Monday, October 3, 2011

Virtual Classroom

Hi Everyone

If you are currently enrolled in one of my classes you can go here to view the virtual classroom: https://myecsd/schools/8405/Collaboration/Virtual%20Class%20Rooms/default.aspx

To login, use your school id and password.

Please contribute to the Team Discussion!

Sunday, September 11, 2011

DIY: Make your own magnetic putty!

This instructable shows you how to make your very own magnetic putty... and it is really easy!

See all the steps:

Then you can play with it:

Natural Works of Art - Sand under a Microscope

Sand is a fascinating substance and very different all over the world. It can be composed of the remnants of volcanic explosions, eroded mountains, dead organisms, and even degraded man-made structures. And examined closely enough, as the scientist and artist Gary Greenberg has, sand can reveal spectacular colors, shapes, and textures. See more at Discover Magazine here.
Taketomi Island, Okinawa, Japan
Looking like a puffy white star studded with little pearls, this is the shell of an amoeboid protist called a foraminifera, or foram. An estimated four thousand types of forams live in the world's oceans.
The shells, called tests, are made mainly of calcium carbonate, which the animals derive from carbon atoms in the air and water. Forams thus play a significant role in the carbon cycle. (Magnification 75x) [From Discover Magazine]

 Plum Island, Massachusetts
Metamorphic minerals, which form at high temperatures and pressures underground, can become heavy, brightly colored sands like these. But color is often unreliable for identifying different types of sands.
Here, the pink and red grains are garnet, but garnet can also be brown, black, green, or orange, depending on the chemistry. The bright green epidote in the center can also be gray, brown, or nearly black. The angular, black magnetite--the most common naturally occurring magnetic material on earth--is always black, however, and is frequently found near garnet. (Magnification 95x) [From Discover Magazine]
Maui, Hawaii
Not all sand is made of tiny bits of rock. Biogenic sand, which forms from the remains of marine life, is the major ingredient of many tropical beaches. The grains here are tiny fragments of a baby sea urchin shell.
The raised bumps on the white grain represent the sites of insertion for the sea urchin's spines. The blue grain has eroded to the point that the raised bumps have been completely rubbed off. (Magnification 100x) [From Discover Magazine]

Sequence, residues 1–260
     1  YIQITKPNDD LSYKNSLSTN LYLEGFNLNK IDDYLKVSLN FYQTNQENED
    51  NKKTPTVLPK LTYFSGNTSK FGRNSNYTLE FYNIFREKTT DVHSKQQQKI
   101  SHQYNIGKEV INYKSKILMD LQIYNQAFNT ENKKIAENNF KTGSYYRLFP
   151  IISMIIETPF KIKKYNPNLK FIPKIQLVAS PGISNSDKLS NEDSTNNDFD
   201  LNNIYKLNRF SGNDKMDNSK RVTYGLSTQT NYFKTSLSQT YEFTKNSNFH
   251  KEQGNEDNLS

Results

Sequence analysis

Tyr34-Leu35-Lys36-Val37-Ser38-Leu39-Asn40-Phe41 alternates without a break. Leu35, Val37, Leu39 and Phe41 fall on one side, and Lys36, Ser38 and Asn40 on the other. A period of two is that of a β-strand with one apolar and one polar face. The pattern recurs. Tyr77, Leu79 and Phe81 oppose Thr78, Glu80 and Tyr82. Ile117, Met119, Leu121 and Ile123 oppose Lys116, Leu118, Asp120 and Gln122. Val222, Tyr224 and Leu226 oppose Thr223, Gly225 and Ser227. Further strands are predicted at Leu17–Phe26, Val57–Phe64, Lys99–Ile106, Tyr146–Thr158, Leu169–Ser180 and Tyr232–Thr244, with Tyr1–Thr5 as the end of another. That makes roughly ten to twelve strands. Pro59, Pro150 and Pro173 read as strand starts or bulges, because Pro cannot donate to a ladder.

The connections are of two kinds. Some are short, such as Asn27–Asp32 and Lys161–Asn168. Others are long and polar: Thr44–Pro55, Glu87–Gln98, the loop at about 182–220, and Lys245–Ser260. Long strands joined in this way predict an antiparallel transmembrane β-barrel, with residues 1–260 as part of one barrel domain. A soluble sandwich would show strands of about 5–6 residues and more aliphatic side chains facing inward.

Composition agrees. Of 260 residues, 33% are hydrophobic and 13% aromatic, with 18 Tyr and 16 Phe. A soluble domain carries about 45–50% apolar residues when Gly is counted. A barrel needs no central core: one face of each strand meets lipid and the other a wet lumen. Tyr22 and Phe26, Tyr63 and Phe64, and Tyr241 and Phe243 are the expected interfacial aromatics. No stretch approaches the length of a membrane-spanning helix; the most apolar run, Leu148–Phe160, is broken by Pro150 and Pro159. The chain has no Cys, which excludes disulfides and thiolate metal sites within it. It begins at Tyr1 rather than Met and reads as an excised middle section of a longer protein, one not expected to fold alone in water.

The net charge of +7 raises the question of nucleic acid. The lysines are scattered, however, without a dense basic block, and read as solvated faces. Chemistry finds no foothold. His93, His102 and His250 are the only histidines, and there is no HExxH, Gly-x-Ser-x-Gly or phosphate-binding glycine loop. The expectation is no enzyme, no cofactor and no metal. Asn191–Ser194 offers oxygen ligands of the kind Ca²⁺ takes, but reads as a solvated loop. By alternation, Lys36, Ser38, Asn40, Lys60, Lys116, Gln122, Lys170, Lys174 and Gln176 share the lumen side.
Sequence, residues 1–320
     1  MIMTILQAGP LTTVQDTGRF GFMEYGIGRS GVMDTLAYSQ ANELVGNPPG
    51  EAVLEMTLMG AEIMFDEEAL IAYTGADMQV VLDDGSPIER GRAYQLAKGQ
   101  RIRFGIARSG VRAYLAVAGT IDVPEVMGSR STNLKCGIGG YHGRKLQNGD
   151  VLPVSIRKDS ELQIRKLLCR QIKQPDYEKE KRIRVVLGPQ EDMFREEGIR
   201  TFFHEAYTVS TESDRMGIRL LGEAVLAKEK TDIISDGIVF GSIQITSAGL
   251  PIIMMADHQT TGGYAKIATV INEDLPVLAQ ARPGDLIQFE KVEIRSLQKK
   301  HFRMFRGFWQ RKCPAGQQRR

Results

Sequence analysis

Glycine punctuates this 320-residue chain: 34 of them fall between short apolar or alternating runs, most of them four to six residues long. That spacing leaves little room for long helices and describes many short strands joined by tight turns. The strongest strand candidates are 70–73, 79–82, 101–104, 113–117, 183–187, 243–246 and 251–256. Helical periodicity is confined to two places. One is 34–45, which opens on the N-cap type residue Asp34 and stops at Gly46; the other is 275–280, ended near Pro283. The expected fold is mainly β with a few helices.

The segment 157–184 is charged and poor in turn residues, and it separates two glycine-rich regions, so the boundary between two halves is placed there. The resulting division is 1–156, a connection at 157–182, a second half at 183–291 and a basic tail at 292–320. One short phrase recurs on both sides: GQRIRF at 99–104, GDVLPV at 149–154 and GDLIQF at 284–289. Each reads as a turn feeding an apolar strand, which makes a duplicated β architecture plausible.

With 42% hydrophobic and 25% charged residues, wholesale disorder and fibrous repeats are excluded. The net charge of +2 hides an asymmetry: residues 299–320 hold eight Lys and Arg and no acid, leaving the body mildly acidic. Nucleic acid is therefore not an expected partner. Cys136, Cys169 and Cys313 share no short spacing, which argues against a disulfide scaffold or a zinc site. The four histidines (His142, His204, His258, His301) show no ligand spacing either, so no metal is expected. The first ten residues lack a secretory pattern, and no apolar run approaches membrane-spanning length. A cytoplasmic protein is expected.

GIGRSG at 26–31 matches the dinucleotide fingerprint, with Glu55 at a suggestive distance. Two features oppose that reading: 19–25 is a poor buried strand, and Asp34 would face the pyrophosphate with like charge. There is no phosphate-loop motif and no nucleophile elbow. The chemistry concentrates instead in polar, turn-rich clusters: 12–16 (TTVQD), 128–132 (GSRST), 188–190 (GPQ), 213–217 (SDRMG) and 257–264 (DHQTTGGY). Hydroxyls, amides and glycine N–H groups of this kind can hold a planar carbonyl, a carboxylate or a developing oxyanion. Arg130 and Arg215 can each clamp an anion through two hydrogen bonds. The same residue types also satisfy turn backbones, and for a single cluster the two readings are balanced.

Learn Something New Everyday - Fungi!


From Noma Bar

Wednesday, September 7, 2011

Don't be afraid to...

Amazing Photography: Dew-Covered Insects

Photographer Miroslaw Swietek took the magnificent macro photo of a dragonfly covered in dew. To see more incredible photos by Swietek go here.

Nerdy joke

12 Events That Will Change Everything

Scientific American has made an interactive animation to give a peek at the 12 EVENTS THAT WILL CHANGE EVERYTHING. Explore the animation here!

Crooked Forest

In western Poland, a forest of about 400 pine trees grow with a 90 degree bend at the base of their trunks AND --> all bent northward.

The trees were planted around 1930, and it is believed that they grew for 7-10 years before tree farmers used a mechanical device to hold the trees in the bent formation.

You can see more at the Discovery News site here.

Learn Something New Everyday - Skin Cells!

Wednesday, June 1, 2011

Science 30: Energy Technology Links

Please use your textbook and the following links to help you fill out the summary chart for the 12 energy technologies. I also encourage you to do further reading on the internet about each one! Try to think critically when evaluating sources, as many resources will be biased towards a certain technology. Please understand the science behind the technology and then come up with your own opinions and discuss with others in the class.

It is important to understand how each technology works and to know the main energy transformations involved. You must also be able to differentiate between active and passive solar energy.

Coal-fired power plant:

Nuclear power plant:

Hydroelectric power generating facility:

Tidal power generating facility:

Wind turbine:

Passive solar heating:

Photovoltaic cell:

Geothermal heating:

Geothermal electricity generating facility:

Ethanol fuel:

Hydrogen fuel cell (automobile):

Monday, May 9, 2011

Sensory Illusions

Our brain tries to fill in the gaps in what we perceive and sometimes errors occur. Optical illusions, auditory illusions, and magic tricks take advantage of this.

Test your own senses and take the BBC's sense challenge:

Some sites that have specific illusions:
            Spanish Castle Illusion:
            Watercolour Illusion: